“Dominant dogs are perfectly content to be with, and get along with, the rest of the members of the pack, as long as they get their own way. Many dominant dogs are extremely demanding of attention and will come up and nose their owners to be petted; the owners are mystified why a dog that so obviously likes them should start growling and biting at odd times.” The Truth About Dogs, Stephen Budiansky, Pp 193- 194, 2000.
I disagree with Budiansky, for me if the dog is jumping up or pushing for attention it is a behaviour which has been reinforced by owners and other people the dog has interacted with. I do not see it as dominance. I often describe to people that when a puppy is picked up and encouraged to be kissed and lick a humans face, as the dog grows they see this jumping up behaviour as the wanted behaviour they experienced as a puppy from humans, so the humans are to blame for encouraging an unwanted behaviour from a fully grown dog. As they couldn’t help themselves as the puppy was cute, so I do not see this as dominance but a human failing for the dog. I also disagree that dogs bite people because their owners are wimps, I believe that a dog is pushed into a situation it is not comfortable with and then bites when the dogs warnings have been ignored, this is reinforced by the latest posters on social media which say “Don’t punish the growl as this is bite prevention.” I do not see a dog biting as dominance or even full aggression a dog can bite due to fear or having their warnings and communication ignored.
“Thanks to Dr. L. David Mech it is now known that wolves do not live in a dominance hierarchy, and to base your behaviour towards others on who has which rank, you have to be able to do quite a bit of abstract thinking. You’d have to map out the social structure in your head, in which you are comparing various ranks with each other and assigning these ranks to yourself and others. Neither the wolf nor the dog has large frontal lobes in that the brain which would enable them to think in abstract terms. A dominance hierarchy also requires a stable group. They live semi solitary lives, which are enriched by fleeting friendships. The dominance hierarchy is an anthropomorphism that has its roots in a very specific time and place in our history. It is also one of the most tragic things for animals that ‘science’ has ever produced, because the idea of a dominance hierarchy is commonly used to justify all kinds of strange and cruel practices towards dogs. It is the justification in seeing rebellion in everything a dog does, and for creully crushing that rebellion. Its okay to beat him, kick him, shock him, strangle him, because this will teach him rank, Then once he knows his rank, he will automatically obey and do everything we want him to do. The cruelty this idea has generated will no longer surprise you once you have absorbed the following, the idea of a strict dominance hierarchy came from a Nazi Konrad Lorenz. The idea of dogs is a dominance hierarchy with an absolute Alpha leader at the top of its origins is Nazi ideology rather than the real behaviour of dogs.” The 100 Silliest Things People Say About Dogs, Pp 40-43, 2009, Alexandra Semyonova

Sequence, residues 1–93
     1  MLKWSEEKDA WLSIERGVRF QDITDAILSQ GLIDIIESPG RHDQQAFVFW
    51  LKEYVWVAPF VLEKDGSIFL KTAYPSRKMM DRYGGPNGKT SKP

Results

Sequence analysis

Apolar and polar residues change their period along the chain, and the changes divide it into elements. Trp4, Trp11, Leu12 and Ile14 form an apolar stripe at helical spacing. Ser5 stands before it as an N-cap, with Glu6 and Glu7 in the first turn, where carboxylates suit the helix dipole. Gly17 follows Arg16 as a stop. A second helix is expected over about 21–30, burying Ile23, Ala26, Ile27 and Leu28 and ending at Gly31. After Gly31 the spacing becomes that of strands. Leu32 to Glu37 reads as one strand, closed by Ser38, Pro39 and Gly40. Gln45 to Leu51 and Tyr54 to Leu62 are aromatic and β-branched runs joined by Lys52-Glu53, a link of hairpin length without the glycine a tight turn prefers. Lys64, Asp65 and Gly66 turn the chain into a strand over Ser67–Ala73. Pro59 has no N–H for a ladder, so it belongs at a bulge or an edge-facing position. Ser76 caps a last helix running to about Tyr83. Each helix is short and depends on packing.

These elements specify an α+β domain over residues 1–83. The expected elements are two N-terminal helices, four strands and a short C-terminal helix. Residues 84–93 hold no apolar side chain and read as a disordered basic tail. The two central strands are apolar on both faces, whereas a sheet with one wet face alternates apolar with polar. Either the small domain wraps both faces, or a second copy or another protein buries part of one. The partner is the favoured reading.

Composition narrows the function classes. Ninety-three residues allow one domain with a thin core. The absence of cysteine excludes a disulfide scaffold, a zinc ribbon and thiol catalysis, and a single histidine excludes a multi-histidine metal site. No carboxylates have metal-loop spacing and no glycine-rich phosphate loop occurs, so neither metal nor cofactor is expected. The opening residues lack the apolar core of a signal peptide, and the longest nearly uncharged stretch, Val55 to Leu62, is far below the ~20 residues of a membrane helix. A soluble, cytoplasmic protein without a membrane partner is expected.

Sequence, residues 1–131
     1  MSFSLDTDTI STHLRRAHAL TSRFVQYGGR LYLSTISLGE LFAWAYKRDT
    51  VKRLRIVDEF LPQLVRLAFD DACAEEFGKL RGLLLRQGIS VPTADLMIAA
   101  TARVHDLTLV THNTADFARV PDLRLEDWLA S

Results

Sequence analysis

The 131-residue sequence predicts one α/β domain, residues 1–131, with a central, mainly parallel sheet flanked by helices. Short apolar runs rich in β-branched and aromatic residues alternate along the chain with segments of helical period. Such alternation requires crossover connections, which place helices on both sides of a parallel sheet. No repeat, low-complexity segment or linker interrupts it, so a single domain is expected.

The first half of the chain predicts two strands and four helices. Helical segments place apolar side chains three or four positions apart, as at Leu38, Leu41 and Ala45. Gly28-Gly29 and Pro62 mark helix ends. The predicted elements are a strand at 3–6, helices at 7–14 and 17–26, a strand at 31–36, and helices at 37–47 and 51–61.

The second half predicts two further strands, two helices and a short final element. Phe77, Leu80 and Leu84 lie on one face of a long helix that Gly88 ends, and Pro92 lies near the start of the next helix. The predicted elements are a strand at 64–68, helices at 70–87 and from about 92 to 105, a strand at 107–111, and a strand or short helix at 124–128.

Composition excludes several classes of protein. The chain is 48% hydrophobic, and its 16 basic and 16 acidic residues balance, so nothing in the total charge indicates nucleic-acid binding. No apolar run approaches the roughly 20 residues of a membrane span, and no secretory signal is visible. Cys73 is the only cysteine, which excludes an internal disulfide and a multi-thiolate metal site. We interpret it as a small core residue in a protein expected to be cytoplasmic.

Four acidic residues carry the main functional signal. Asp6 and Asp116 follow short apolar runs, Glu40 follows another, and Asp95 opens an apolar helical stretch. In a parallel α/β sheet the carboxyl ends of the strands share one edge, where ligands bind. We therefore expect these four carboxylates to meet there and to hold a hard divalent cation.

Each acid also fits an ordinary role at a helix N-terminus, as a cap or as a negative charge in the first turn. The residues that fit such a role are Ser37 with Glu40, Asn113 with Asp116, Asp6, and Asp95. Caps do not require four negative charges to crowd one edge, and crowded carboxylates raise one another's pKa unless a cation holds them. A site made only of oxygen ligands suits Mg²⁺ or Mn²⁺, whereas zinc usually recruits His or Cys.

For me this is the same analogy for people who say that dogs are dominant, that this gives them some sort of self assured confidence that they are doing the right thing by dominating their dog. Rather than seeing the dog has feelings and emotions and that the dog needs teaching and guiding into wanted behaviours from their families rather than constant punishment for a misunderstanding of their ancestry and genetics, their biological processes as well as the depth and the complexity of the dogs brain.
So in conclusion, Dogs are not Pack Animals, even wolves are not strictly a pack, Dogs are no relation to wolves, Dogs are all related to Greyhounds. Dogs do not want to dominate us. Dogs do not see themselves as Alpha or Pack Leader, they are opportunists and will repeat a behaviour which is reinforced, whether it is reinforced by human or self reward, such as running off during recall and saying “Hi” to a new Dog. Forget everything you see on TV, Social Media and the papers. With all due respect to the TV trainer in question here as Vanessa did cite him in name, he had his place, he delivers information regurgitated from the Monks of New Skete, he is a form of entertainment for TV ratings and should be treated as such. Please stop referring to your Dogs as packs, Alphas or wanting to be Alphas, or the Pack Leader as this is factually inaccurate :)
Also a side note as this comes into it with the Monks of New Skete, not even the German Shepherd (and I’ll throw this is in for good measure too, not even the Husky, Malamute, Akita Pomeranian, Shepsky, Saarloos Wolfdog, Northern Inuit etc are related to wolves, not one) the German Shepherd was originally a German Sheepdog mongrel, put with another German Sheepdog Mongrel to make a really good standard of a breed, in the late 1800’s by the cross breeding of working sheep dogs from rural Germany by an ex cavalry officer called Max von Stephanitz whose aim was to create a working dog for herding which could trot for long periods. A breed standard was drawn up and the first breed show took place in 1899 following which the GSD became firmly established across Germany. In 1906 the first dogs were exported to the USA . Many people in the UK still call these dogs Alsatians which may partly be due to the fact that when they were first bred, the Alsace region of France was part of Germany where these dogs were very popular. In part it may also be due to the first and second world wars that the name Alsatian stuck as the word 'German' had a negative connotation. I still get people who think that Alsatians are the traditional short coat black and tan dogs and that German Shepherds are the long coated dogs that have become popular, but they have no separation it is even long haired or short haired German SHepherd or Czech German Shepherd. So again and lets make this clear, they are absolutely no, zero, zilch relation to the Wolf.